Earth Negotiations Bulletin

. . . . . . . . . . . . . . . . . . . . . . . . . . . . . . . . . . . . . . . . . .
 A Reporting Service for Environment and Development Negotiations

[ PDF Format ] [ Text Format ] [ Daily Photos ] [ Back to CBD COP-4 ]


Published by the International Institute for Sustainable Development (IISD)

Vol. 09 No. 87
Tuesday, May 05 1998

CBD COP-4 HIGHLIGHTS MONDAY, 4 MAY, 1998

The first day of the Fourth Meeting of the Conference of the Parties (COP-4) to the Convention on Biological Diversity began with opening statements by, inter alia, the Prime Minister of Slovakia, the outgoing and incoming COP Presidents and the Execut ive Secretary of the CBD. Delegates continued to meet in Plenary throughout the day and heard reports on regional meetings and statements from conventions, institutions and organizations, and considered the report and recommendations of the third meeting of the Subsidiary Body on Scientific, Technical and Technological Advice (SBSTTA-3). The Ministerial Roundtable convened in the afternoon and addressed eco-tourism and the private sector's role in conservation of biological diversity.

PLENARY

OPENING OF THE MEETING: COP-4 was opened by the President of COP-3, Maria Julia Alsogaray (Argentina), at 10:25 am. Vladimír Meciar, Prime Minister of Slovakia, highlighted Slovakia's fifth anniversary as an independent country and expressed appreciati on for the honor of hosting COP-4. He noted Slovakia's national strategy for biodiversity conservation and sustainable development and urged the COP to acknowledge the world's common responsibility to biodiversity.

In her opening speech, Maria Julia Alsogaray stressed implementation of the CBD through: the ecosystem approach; addressing freshwater and inland waters; indigenous populations' role in plant and water management; a decentralized clearinghouse mechanis m (CHM); and national reports. She outlined the ambitious agenda of COP-4 and hoped that it would take decisions towards the practical implementation of an ecosystem approach.

Jozef Zlocha, Minister of the Environment of Slovakia, was chosen as the President of COP-4. He emphasized that COP-4 must prepare and adopt a long-term work programme and focus on substantive topics including maritime, coastal and inland waterways.

Calestous Juma, Executive Secretary of the CBD, said that the CBD, with 172 Parties, has the commitment of the international community and is beginning to influence social, political and economic behavior at the national level, as evidenced by the larg e number of national reports that have been received. He said the national reports also show the impact of the GEF in raising the profile of the Convention and hoped this would continue with the replenishment of the GEF fund. He noted that the COP must ad dress: a long-term work programme that builds upon the best available scientific knowledge; improved cooperation with other institutions and processes; the continuing review of institutions under the Convention to ensure their effectiveness; increased sci entific and technical cooperation; and global outreach.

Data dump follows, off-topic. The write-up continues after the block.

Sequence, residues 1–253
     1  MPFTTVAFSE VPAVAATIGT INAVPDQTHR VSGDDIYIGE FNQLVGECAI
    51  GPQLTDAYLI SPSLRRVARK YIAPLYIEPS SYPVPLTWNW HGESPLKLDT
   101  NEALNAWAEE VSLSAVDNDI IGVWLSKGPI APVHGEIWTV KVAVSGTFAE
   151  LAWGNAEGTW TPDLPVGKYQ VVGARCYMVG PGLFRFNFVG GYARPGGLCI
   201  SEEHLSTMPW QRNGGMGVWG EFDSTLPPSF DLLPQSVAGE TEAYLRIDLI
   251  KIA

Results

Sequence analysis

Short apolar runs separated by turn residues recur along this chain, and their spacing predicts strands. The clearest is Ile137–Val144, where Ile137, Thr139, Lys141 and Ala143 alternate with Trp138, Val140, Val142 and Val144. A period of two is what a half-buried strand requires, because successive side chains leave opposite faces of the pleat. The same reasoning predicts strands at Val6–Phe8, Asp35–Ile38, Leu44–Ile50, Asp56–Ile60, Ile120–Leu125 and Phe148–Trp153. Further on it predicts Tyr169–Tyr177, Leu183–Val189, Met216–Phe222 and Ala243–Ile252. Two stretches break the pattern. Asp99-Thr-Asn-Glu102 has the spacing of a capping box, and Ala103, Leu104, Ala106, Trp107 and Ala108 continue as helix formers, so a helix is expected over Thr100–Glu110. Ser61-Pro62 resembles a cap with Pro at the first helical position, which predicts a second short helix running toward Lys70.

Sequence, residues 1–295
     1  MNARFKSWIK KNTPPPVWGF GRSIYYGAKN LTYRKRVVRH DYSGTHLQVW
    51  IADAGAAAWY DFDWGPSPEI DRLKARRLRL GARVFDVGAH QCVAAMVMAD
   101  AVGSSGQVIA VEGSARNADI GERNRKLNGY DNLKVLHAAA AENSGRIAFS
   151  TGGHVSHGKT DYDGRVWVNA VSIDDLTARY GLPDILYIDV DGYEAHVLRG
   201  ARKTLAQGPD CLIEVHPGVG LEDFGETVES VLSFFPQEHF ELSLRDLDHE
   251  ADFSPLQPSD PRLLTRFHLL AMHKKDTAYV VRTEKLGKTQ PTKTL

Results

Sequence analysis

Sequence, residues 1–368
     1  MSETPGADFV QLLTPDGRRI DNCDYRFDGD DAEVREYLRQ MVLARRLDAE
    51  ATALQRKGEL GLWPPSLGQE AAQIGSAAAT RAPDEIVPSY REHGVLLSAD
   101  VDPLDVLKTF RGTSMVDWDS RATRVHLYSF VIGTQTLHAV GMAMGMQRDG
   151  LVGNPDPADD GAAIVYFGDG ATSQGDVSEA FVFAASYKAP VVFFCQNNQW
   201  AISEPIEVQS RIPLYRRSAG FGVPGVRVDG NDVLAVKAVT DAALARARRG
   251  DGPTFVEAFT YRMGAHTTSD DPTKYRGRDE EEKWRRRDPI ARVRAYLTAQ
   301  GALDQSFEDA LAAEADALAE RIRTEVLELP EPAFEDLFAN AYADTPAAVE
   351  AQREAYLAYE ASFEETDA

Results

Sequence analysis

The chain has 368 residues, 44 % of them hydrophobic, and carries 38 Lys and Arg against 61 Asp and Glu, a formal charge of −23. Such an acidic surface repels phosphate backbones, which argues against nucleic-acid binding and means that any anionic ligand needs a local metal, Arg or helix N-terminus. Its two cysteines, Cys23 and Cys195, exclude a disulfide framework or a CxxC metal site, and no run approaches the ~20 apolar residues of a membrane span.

Mauis Iwu presented conclusions and recommendations from the Tenth Global Biodiversity Forum, which included: financial strategies to support national biodiversity plans; workshops to help the WTO address interlinkages between trade and environment; me asures to ensure that genetic materials are obtained in a legal manner; processes to assist national governments implement Article 8(j); and establishment of the CHM beyond the pilot phase.

The Conference of Diverse Women for Diversity stressed: that caution is needed to prevent harm to diversity; their rejection of the World Bank, the IMF and other collusive agreements; and their support of the CBD.

Mohamed El-Ashry, CEO of the GEF, noted the recent US$2.75 billion replenishment of the GEF trust fund. He highlighted the New Delhi Statement from the GEF Assembly held in April 1998 calling for, inter alia, a focus on country driven programmes, a use r friendly approach to application of incremental costs and greater participation of the private sector.

ORGANIZATIONAL MATTERS: Executive Secretary Juma presented the provisional agenda, annotations and organization of work for adoption (UNEP/CBD/COP/4/1). BRAZIL proposed adding a sub-item on issues surrounding taxonomy. ETHIOPIA, supported by MALI and t he SEYCHELLES, proposed including a sub-article regarding the CSD's relationship with other international agreements. The agenda with the proposed additions was adopted. New regional Bureau members were announced: Philippines and Papua New Guinea for Asia ; Peru and Jamaica for GRULAC; Nigeria and Algeria from Africa; and Latvia for CEE.

PRESENTATIONS BY CONVENTIONS: Izgrev Topkov, Secretary-General of CITES, highlighted recent CITES action on: adoption of new criteria; streamlining of CITES work; strengthening of enforcement; and cooperation with other bodies, including the WTO. He st ressed cooperation for obtaining common funding through GEF.